Here are three messages worth considering as bear market conditions hang on into the fourth quarter.
Earlier this year, Bankrate and Psych Central released the Money and Mental Health study, and, not surprisingly, a large number of people surveyed in the research reported that money has a negative impact on their mental health. Survey results varied across generations: Financial concerns psychologically impact 48 percent of Millennials, 46 percent of Generation X, and 40 percent of Generation Z. Needless to say, every generation will feel the sting of any bear market, including (and especially) Baby Boomers.
At the moment, economic conditions feel, well, awful. Some people feel better if they can gain a better understanding of the factors that created the unpleasant mix of inflation, rising interest rates, and a bear market in the first place. Others are comforted knowing they are not alone as they ride the emotional rollercoaster. And for those who are charitable inclined, challenging economic times might actually serve as an inspiration to become more intentional about charitable giving priorities. What's more, not all donors will reduce their donations.
Here are three messages worth considering as bear market conditions hang on into the fourth quarter:
“Not all stocks are down.”
Giving appreciated stock to a donor-advised fund or another type of fund at the Community Foundation is always a tax-savvy alternative to giving cash, regardless of the economic situation. You may feel disappointed that your portfolios have hit a rough patch, but this does not mean that there aren’t still plenty of opportunities to avoid capital gains tax on stocks held for more than a year. (Take a look at the historical share price of Apple, for example, and imagine the capital gains tax liability for people who’ve held the stock for several years.)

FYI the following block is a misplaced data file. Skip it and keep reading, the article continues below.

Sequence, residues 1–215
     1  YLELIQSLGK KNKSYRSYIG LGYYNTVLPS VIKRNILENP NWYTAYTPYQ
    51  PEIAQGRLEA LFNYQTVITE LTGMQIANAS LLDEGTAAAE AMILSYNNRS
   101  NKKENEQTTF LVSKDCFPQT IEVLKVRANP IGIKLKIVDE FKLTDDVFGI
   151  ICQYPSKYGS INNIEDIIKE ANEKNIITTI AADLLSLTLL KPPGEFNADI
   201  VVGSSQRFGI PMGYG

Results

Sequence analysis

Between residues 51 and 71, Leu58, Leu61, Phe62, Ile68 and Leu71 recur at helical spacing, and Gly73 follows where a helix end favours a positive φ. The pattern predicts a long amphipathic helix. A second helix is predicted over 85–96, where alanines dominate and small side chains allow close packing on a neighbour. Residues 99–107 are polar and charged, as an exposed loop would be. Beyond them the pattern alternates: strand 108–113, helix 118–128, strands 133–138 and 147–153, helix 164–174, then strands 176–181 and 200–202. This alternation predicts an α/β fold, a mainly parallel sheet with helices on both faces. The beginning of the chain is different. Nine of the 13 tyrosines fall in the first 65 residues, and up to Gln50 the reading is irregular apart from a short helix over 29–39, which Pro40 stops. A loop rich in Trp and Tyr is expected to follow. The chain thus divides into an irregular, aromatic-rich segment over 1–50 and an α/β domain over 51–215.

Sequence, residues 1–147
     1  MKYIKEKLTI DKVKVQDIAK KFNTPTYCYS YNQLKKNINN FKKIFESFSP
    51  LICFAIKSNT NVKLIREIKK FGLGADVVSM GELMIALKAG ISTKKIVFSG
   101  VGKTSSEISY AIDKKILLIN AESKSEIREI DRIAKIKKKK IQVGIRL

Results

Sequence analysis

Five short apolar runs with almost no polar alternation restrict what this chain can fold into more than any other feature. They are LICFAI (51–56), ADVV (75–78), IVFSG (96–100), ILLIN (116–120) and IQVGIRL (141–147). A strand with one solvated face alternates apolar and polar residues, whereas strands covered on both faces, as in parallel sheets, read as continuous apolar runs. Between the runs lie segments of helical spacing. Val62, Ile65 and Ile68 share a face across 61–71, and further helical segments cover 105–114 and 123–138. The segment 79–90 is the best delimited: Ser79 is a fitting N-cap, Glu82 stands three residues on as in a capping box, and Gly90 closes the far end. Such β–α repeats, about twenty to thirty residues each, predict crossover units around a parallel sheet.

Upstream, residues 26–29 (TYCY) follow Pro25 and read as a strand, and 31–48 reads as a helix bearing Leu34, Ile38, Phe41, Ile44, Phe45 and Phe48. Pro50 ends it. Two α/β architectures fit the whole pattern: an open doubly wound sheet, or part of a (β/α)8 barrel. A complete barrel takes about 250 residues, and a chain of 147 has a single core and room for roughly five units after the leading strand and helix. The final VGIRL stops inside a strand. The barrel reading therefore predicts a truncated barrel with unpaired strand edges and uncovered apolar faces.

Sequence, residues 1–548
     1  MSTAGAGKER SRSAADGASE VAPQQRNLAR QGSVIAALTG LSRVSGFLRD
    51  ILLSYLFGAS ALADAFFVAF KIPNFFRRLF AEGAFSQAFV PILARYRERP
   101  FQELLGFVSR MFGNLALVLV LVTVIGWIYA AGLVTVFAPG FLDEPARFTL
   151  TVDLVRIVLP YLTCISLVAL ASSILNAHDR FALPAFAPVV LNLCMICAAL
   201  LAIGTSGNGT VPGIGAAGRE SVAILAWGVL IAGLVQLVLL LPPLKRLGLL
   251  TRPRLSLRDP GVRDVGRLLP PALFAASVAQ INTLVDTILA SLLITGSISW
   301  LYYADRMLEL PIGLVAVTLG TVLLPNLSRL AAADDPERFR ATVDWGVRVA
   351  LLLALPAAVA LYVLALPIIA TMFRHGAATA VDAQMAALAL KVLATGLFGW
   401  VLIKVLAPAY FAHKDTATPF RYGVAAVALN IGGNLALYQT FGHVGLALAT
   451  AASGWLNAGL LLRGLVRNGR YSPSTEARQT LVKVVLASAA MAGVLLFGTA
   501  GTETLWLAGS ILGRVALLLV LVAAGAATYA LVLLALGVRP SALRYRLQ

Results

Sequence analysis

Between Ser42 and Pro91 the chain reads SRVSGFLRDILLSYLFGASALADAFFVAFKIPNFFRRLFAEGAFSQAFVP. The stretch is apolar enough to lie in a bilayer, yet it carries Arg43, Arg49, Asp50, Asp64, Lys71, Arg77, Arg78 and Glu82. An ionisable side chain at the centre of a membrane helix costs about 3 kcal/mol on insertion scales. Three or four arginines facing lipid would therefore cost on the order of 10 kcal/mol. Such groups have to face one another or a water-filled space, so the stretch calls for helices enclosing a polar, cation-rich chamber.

“Consider the needs of others who are even more acutely feeling the pinch of inflation.”
Community needs are rising, and the Community Foundation is dedicated to staying on top of the issues that are critically important to the quality of life at any given time. Families with low or moderate household incomes can be especially vulnerable to high inflation. The team at the Community Foundation can help you zero in on nonprofits in our community that are serving the people who need the most help right now.
“Don’t forget about the Qualified Charitable Distribution (QCD).”
We mention this tool a lot because it is such a financially-savvy way for you to support the charities you care about. If have reached the age of 70 1/2, you may be eligible to make annual distributions of up to $100,000 per spouse from IRAs directly to an unrestricted or field-of-interest fund at the Community Foundation or other qualifying public charity. QCD transfers count toward satisfying clients’ Required Minimum Distributions and avoid the income tax on those funds. Plus, those assets are no longer part of your estate at death, which avoids estate taxes, too. What’s more, the QCD may get a boost if the EARN Act becomes law; proposed bipartisan legislation would expand the QCD rules to allow a one-time, $50,000 QCD to a split-interest trust such as a charitable remainder trust.